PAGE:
They say that when José Martí arrived in Caracas in January 1881 "without dusting the road" he went to visit the Liberator in Plaza Bolívar. Exactly 140 years later, history repeats itself with the arrival of the Cuban vaccine Abdala to Venezuelan lands. The drug, the work of a one hundred percent sovereign effort on the blockaded island 60 years ago, arrived in the country in its first batch on Thursday, June 24, and a few hours later it was available for application through the national immunization plan.
There are many symbolic references that make this vaccine with the name of a poem shine, but more is the scientific curriculum that it boasts and whose title is nothing more and nothing less than its effectiveness: 92,28%, a much higher percentage than that achieved by the big transnational pharmaceutical companies but which is ignored in the headlines of the hegemonic press.
Its quality is tested with all rigorous scientific standards and the information is available on the internet from reliable sources, but as anything goes in war and love, it costs the enemies of Cuba (and Venezuela) make a dirty campaign against the drug with an internationalist vocation that stands as the first native of Latin America and for now the fourth most effective in the world.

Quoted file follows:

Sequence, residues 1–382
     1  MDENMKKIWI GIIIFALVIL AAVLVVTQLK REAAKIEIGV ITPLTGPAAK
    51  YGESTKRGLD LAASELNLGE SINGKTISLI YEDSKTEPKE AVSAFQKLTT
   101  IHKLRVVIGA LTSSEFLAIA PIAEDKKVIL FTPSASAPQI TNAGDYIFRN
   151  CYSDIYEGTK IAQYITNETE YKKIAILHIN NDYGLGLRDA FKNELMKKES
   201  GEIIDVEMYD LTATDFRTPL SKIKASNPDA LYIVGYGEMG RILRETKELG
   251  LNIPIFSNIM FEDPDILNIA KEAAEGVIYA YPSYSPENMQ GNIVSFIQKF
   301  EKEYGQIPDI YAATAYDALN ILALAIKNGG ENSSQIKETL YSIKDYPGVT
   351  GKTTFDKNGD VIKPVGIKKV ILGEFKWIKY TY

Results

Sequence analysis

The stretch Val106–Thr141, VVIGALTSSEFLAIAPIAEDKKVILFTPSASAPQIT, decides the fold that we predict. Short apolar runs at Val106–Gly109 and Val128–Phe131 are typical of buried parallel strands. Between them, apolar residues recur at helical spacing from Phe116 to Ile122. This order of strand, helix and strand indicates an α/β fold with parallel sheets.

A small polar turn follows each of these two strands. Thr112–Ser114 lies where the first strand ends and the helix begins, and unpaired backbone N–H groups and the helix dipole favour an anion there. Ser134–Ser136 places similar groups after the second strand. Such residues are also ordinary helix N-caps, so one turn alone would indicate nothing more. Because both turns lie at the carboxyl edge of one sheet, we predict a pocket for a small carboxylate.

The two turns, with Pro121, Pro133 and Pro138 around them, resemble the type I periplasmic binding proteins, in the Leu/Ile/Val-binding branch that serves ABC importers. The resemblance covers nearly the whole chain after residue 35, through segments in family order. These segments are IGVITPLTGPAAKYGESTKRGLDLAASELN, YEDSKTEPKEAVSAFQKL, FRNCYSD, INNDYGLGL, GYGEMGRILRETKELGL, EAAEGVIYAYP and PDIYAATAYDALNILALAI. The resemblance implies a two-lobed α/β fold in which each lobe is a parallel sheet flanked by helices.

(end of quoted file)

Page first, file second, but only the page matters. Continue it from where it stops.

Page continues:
Like the story of Martí in Venezuela and also the story of covid-19, the story of the Abdala vaccine is short and fast-paced. Discovering it is entering 60 years of biotechnological resistance research.
Abdala, a soldier
Abdala is the name of the first work of the Cuban apostle José Martí, who wrote it when he was just a teenager of almost 16 years. In reality, it is a lyrical play, written in verse, whose story delves into the life of a young man who seeks to defend his homeland from foreign enemies. It was published for the first time in 1869 and the plot is a veiled clamor to the reality that Cuba lived in those times.
The anguished but proactive tone reveals in the text the concerns and desires of who soon after would be the most prominent figure in the history of Cuba. It is a prophetic text by Martí about his own future, who transferred his youthful concerns about his country's desire for freedom from Spain to a mythical region in southern Egypt called Nubia.
"Tell the people that with him to the field / When ordered I will start the march / And tell the tyrant to get ready / To prepare his people, and to give his spears / shine and splendor. Our souls shine stronger / robust and courageous! ”. So says the young Abdala in the play when he is summoned to fight to defend his trench.
"Written especially for the homeland" was the warning that Martí wrote as a prelude to the text when he first published it in the newspaper La Patria Libre.